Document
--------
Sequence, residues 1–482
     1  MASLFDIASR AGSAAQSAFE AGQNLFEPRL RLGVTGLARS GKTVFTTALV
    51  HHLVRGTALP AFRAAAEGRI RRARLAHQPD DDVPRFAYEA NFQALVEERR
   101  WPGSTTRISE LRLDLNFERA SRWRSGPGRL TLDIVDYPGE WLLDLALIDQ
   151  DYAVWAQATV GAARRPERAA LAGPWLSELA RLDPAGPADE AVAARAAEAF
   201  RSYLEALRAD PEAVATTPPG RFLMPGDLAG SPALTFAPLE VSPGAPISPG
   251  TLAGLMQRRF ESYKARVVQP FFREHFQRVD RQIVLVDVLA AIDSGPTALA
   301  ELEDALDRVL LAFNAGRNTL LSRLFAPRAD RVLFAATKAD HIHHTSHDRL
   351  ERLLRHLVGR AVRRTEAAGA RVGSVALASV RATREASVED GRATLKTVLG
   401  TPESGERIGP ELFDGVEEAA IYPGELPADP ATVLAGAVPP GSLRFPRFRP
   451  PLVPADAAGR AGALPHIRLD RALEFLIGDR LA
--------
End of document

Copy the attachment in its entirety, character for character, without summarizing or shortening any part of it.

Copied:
Sequence, residues 1–482
     1  MASLFDIASR AGSAAQSAFE AGQNLFEPRL RLGVTGLARS GKTVFTTALV
    51  HHLVRGTALP AFRAAAEGRI RRARLAHQPD DDVPRFAYEA NFQALVEERR
   101  WPGSTTRISE LRLDLNFERA SRWRSGPGRL TLDIVDYPGE WLLDLALIDQ
   151  DYAVWAQATV GAARRPERAA LAGPWLSELA RLDPAGPADE AVAARAAEAF
   201  RSYLEALRAD PEAVATTPPG RFLMPGDLAG SPALTFAPLE VSPGAPISPG
   251  TLAGLMQRRF ESYKARVVQP FFREHFQRVD RQIVLVDVLA AIDSGPTALA
   301  ELEDALDRVL LAFNAGRNTL LSRLFAPRAD RVLFAATKAD HIHHTSHDRL
   351  ERLLRHLVGR AVRRTEAAGA RVGSVALASV RATREASVED GRATLKTVLG
   401  TPESGERIGP ELFDGVEEAA IYPGELPADP ATVLAGAVPP GSLRFPRFRP
   451  PLVPADAAGR AGALPHIRLD RALEFLIGDR LA